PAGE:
This summer of 2014/5774, unity within Israel in the war against terror prevailed, almost tangible. The movement beyond personal boundaries, and the outpouring of caring, shared responsibilities and actions, are hopeful signs of our society's capacity for love and tolerance.
Editor's Note: We are delighted to share this blog, written by one of the participants in Ramah New England's Vocational Education program about her experiences.
My name is Gabriella Levi. I am 20 years old and this was my first summer in the Vocational Education program at Camp Ramah in New England. I am currently a student at Lesley University in Cambridge, MA. I am studying to work in a preschool.
What I loved about Voc Ed was learning to be independent. I liked that I was treated as an adult more than a camper. For example, at Ramah I had a lot of choices for how to spend my time.
When our son was a newborn, another mom of a child with Down syndrome suggested that we see “Praying with Lior.” Deeply moved by the movie, I turned to my husband and told him that we needed to find a synagogue so that our Julian would have a faith community that knows, loves and supports him. We were not interested in “tolerance” or even “acceptance.” We wanted to be part of a congregation that celebrated difference and embraced members with disabilities as part of its fabric.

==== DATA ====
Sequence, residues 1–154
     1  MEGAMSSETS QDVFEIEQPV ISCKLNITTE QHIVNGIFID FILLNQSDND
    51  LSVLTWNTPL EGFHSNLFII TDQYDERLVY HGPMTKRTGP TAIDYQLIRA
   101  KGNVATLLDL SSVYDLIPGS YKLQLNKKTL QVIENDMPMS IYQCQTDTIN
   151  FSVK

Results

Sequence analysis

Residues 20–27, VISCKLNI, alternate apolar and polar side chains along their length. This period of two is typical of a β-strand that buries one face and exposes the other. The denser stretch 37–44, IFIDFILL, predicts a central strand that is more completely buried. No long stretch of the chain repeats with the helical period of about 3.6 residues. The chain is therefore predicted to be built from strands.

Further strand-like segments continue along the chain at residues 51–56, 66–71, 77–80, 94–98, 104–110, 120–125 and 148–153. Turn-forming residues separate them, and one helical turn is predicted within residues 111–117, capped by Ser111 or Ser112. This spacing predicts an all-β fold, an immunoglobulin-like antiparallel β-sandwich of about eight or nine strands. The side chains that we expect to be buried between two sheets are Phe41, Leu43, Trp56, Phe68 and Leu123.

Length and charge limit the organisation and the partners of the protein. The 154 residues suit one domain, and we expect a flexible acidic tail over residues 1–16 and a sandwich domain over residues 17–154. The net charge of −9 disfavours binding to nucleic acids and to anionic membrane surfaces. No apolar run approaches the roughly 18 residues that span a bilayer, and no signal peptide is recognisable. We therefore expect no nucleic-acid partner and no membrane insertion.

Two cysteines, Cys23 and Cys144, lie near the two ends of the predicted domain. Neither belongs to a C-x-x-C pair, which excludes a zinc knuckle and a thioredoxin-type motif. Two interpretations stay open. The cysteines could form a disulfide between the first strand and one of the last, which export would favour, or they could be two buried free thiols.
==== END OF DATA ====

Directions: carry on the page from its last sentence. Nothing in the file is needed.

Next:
The four side-by-side frames shimmer as if blown by a gentle breeze. Scenes begin to flicker before you, like a dreamscape, some in black and white, some in color. Rock-solid, ageless buildings appear, their stone facades immortalized by light and film.
Mark Podwal is once again the subject of a documentary by Czech Television. In the most recent film, the producers focused on the creative process behind the artist’s latest portfolio of works, “All This Has Come Upon Us,” a series of 42 paintings and drawings created for and displayed at the Terezin Ghetto Museum earlier this year. The works provide an illustrated history of Jewish tragedies and, according to the artist, offer “a disturbing reminder of how Europe’s extensive history of ‘Jew-Hatred’ laid the groundwork for Terezin and Auschwitz.”
Slingshot has released Slingshot '14 – '15, its tenth annual guide to North America’s most innovative Jewish organizations this week. Over the last decade, the Guide has become a go-to resource for volunteers, activists and donors looking for new opportunities and projects in the Jewish community.
This year, Slingshot did not produce a supplement focusing on disability and inclusion, but instead integrated a number of organizations whose mission includes supporting people with disabilities and their families into the main guide.